Arena closing adds to pressure on Barclays Center's junk bonds

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The credit risk to Barclays Center in New York’s Brooklyn borough — closed due to the COVID-19 outbreak — is especially acute because its bonds were already junk, according to Moody’s Investors Service.

The arena opened in 2012. It hosts both National Basketball Association and National Hockey League games, although the NHL’s Islanders are moving back to their Nassau County roots in Uniondale, New York, full time as of this year's playoffs, if they are held and the team qualifies.

Barclays Center opened in downtown Brooklyn in 2012.

Professional sports leagues and the National Collegiate Athletic Association have suspended games due to the virus escalation. Also lost to Barclays Center was last week's Atlantic 10 men’s basketball championship tournament.

New York Gov. Andrew Cuomo announced last week the temporary ban on gatherings with more than 500 people, one of many actions aimed to contain the virus.

The suspension removes two critical revenue streams, according to Moody’s.

Moody’s in October downgraded the bonds to Ba1 from Baa3, affecting roughly $524.0 million of PILOT Revenue Bonds issued by the Brooklyn Arena Local Development Corp.

Moody’s cited the loss of the benefit derived from the reserve account established in May 2018 with a portion of the proceeds from the minority sale of the NBA’s Brooklyn Nets, the anchor tenant. In September 2019, Alibaba Group co-founder Joe Tsai purchased the remaining 51% stake in the Nets from Russian businessman Mikhail Prokhorov as well as full ownership in the arena.

According to Moody’s, under the new licensing agreement signed at the time, more of the shared revenues, including naming rights, sponsorships, luxury suites and concession revenues, will go to the arena, which will help mitigate the financial impact of any game cancellations.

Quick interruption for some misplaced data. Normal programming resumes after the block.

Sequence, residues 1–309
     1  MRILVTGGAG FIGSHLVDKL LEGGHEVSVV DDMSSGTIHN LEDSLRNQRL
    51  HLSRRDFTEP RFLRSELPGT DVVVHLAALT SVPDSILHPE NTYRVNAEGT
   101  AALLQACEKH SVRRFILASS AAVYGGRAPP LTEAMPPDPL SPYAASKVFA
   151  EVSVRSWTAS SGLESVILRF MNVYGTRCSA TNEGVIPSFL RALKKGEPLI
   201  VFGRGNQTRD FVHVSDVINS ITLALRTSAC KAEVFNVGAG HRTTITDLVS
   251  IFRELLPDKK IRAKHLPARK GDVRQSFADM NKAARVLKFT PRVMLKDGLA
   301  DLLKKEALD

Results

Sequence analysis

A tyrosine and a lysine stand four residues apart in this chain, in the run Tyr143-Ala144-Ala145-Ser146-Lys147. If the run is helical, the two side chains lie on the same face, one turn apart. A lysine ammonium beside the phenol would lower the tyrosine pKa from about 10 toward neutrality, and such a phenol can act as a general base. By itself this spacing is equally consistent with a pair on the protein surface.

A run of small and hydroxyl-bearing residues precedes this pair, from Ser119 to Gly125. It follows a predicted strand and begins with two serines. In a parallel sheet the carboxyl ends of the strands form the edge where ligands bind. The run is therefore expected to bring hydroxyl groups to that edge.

Revenues from non-Nets events will lost, however, through event cancellations. The building also hosts other events such as concerts, family events and other professional sports such as boxing and e-sports.

Ticket sales, more vulnerable to cancellations, go to the team.

According to Moody’s, some rated issuers, notably those for the Mets and Yankees baseball stadiums, could be less affected unless the virus outbreak lengthens. Citi Field and the latest iteration of Yankee Stadium opened in 2009, backed by Yankee Stadium LLC (Baa1 stable) and Queens Ballpark Co. LLC (Baa2 stable) bonds, respectively.

Major League Baseball canceled the remainder of spring training and delayed the start of the season for at least two weeks, to mid-April.

“April also typically has low attendance figures for most baseball teams given the colder weather at the outdoor stadiums,” Moody’s said.

“If the coronavirus outbreak is prolonged, however, it will ultimately result in lower revenues from ticket sales, the sole source of pledged revenues for Yankee Stadium LLC bondholders and one of the key sources of pledged revenues for the Mets, but not all ticket sales are pledged to Queens Ballpark Company LLC bondholders.”

Yankee Stadium also hosts games for Major League Soccer's New York City Football Club. MLS announced a 30-day suspension Thursday. Its regular season is scheduled to run into October.

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